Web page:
A funny thing happened while I was previewing the “GlassWear: Glass in Contemporary Jewelry” exhibition (on view from July 15-September 20) at the Museum of Arts and Design, I forgot that the jewelry that I was looking at was all made of glass. This must be a testament to the incredible skill of these artists. They have become so proficient in working with glass that they are able to manipulate in such ways that it resembles other materials. Furthermore, I was too busy concentrating on the beautiful forms, colors and the creative use of these pieces. After all, not all jewelry needs to be worn on your fingers, earlobes and around the neck, they can adorn other parts of out body as well. I believe that the curator’s goal was to demonstrate what a rich medium glass is and how it can be used in different ways to create incredibly diverse pieces of jewelry.
Since this is an exhibition of contemporary jewelry, I am always fascinated to see how artists try to forgo the past yet always wind up referencing it in some way. For example, necklaces by both George Dobler and Linda MacNeil reminded me of Art Nouveau jewelry. Dobler’s “Necklace” (2006) of quartz, glass, and silver is ornamented with two large beetles on both sides, is reminiscent of Rene Lalique’s “Blister Beetle” corsage ornament (ca. 1903-1904) that is now in the Gulbenkian Museum. Lalique’s corsage ornament is also made of glass and silver, along with gold, enamel, and tourmaline. MacNeil’s flower necklaces, including “Foreign Flower” (2003) or “Egyptian Blossom” (2007) are made of acid-polished glass. MacNeil, uses glass as her central component, and like Art Nouveau jewelers, elevates it to the same level as precious and semi-precious stones. Glass was a favorite material of Art Nouveau jewelers because their work was concerned with imagery and vivid colors were needed to translate their vision of peacocks, ivy leaves and flowing hair. And of course, nature was a favorite muse for artists going back to the eighteenth and nineteenth centuries but in the hands of the Art Nouveau artists it was depicted in new ways.
My main complaint about a lot of contemporary jewelry is that is considered to be a “wearable art” and artists forget that jewelry, while it is an art form, is also meant to be worn. Some of the items in the exhibition were more conceptual then practical. Bernhard Schobinger’s “Bottle-Neck Necklace” (1998) that has been made of broken glass bottlenecks, simply looks dangerous. Simsa Cho’s “Aodama” Necklace (2006) made of cast, slumped and enameled glass resembles a piece of sliced agate. Though extraordinarily beautiful, because of its scale, it resembles body armor more than it does a necklace. For some artists, like Cho, the use of glass also has a spiritual meaning. He “believes that body ornaments made of glass can transport positive energy to the wearer.” Ted Noten’s “The Real Love Bracelet” (2005), made of blown glass and features a silver bracelet and gold wedding bands, is another example of attributing meaning to a piece of jewelry. Noten’s idea is that the bracelet has a glass bubble attached to it which contains the wedding bands. Once the bubble is broken, the rings can be taken out and presented to each other by the lovers. This is a comment on the iconic Cartier “Love” Bracelet, which comes with a screw and can only be unlocked by your significant other.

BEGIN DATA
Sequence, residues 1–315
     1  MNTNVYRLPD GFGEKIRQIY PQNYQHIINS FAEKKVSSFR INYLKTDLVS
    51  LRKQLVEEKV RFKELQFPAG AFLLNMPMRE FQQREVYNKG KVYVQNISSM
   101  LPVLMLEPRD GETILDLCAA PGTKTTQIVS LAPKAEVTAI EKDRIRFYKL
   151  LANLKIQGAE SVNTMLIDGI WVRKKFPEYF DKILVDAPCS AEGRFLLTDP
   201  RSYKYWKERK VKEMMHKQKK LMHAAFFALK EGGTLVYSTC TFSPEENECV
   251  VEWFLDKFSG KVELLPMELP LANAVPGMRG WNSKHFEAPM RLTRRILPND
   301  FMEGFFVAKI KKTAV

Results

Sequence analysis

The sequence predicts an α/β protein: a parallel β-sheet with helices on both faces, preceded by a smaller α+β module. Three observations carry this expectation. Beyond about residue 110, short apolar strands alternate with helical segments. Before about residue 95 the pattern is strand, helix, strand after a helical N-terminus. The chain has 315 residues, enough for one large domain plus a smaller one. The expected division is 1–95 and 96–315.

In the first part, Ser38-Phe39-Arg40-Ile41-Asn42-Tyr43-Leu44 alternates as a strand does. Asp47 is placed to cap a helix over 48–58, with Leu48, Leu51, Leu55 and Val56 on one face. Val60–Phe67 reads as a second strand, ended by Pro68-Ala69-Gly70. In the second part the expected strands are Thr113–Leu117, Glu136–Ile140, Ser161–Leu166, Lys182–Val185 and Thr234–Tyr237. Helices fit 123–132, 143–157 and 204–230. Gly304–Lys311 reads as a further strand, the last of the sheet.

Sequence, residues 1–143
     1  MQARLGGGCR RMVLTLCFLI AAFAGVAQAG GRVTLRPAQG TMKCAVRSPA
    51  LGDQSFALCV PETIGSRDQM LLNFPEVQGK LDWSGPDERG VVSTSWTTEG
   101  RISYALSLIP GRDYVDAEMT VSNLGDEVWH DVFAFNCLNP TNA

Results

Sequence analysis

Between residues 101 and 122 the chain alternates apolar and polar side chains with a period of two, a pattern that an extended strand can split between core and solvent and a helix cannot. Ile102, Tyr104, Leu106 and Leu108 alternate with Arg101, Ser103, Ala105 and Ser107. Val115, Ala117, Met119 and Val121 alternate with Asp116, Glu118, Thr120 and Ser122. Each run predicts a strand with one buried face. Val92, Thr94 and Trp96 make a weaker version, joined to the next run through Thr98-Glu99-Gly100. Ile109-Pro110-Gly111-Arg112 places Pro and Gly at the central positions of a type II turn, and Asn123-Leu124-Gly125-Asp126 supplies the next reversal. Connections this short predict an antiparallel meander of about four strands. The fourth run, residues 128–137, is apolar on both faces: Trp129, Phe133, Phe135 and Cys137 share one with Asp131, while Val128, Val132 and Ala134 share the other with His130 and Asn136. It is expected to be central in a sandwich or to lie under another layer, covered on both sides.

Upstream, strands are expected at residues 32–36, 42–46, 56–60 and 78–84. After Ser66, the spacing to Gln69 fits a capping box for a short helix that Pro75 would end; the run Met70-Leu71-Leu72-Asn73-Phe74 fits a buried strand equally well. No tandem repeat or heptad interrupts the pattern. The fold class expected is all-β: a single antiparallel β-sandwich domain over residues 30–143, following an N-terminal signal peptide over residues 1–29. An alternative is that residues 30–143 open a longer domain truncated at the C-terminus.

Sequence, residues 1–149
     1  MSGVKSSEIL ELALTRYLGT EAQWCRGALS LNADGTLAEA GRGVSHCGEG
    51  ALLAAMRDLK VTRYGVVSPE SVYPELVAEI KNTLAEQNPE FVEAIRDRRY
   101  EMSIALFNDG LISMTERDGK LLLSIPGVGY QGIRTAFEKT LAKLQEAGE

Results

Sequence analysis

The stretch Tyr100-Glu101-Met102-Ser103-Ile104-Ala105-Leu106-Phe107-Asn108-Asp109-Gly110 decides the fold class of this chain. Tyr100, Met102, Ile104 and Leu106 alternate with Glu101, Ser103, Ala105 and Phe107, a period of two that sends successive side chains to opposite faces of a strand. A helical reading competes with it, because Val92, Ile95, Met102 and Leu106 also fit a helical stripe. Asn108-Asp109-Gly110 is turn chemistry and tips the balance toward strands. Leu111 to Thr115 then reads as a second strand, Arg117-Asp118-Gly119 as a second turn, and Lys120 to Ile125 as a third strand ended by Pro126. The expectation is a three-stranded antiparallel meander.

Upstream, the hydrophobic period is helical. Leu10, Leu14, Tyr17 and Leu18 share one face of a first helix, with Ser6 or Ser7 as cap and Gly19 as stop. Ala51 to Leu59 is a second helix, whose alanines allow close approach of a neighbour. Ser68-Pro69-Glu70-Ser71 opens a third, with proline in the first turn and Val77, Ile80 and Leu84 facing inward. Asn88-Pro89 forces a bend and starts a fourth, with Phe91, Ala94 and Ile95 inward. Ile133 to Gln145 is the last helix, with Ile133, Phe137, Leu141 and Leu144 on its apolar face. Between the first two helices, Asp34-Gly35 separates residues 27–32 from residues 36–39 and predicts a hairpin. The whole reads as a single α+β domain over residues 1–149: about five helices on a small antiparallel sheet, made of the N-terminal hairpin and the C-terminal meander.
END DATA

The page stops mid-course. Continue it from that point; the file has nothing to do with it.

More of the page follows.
And what about simply using glass for the sake of glass? Giorgio Vigna’s “Gorgoglio” neckpiece (2002) of blown glass bubbles is fabulous. Vigna’s necklace can easily be a substitute for the ruffled lace collars worn by a Queen. Vigna created this masterpiece at the Venini glasshouse on the island of Murano.
“GlassWear” features the works of 60 jewelry artists from around the world, and while some names were new to me, I was also glad to see pieces by established artists like Giampaolo Babeto, Boris Bally and Thomas Gentille. The jewelry is placed into categories such as Recycled Glass, Glass as Chameleon, Glass as Surface and Structure, Glass as Symbol and Metaphor, and not be forgotten, Glass as Glass. This small but delighted exhibition is not to be missed and while you are there, don’t forget to look through the drawers for other remarkable examples of jewelry design in the collection of the MAD.
Linda MacNeil, American, born 1954
Foreign Flower, 2003
Polished green, ivory and black Vitrolite glass,
acid-polished optical glass, 24k gold-plated glass
Overall: 6 1/2in. (16.5cm)
Collection of Barbara Tober
Image Courtesy of the Museum of Arts and Design
Ted Noten, Dutch, born 1956
The Real Love Bracelet, 2005
Blown glass, gold wedding rings, silver
Overall: 2 1/4in. (5.7cm)
Collection of the artist
Image Courtesy of the Museum of Arts and Design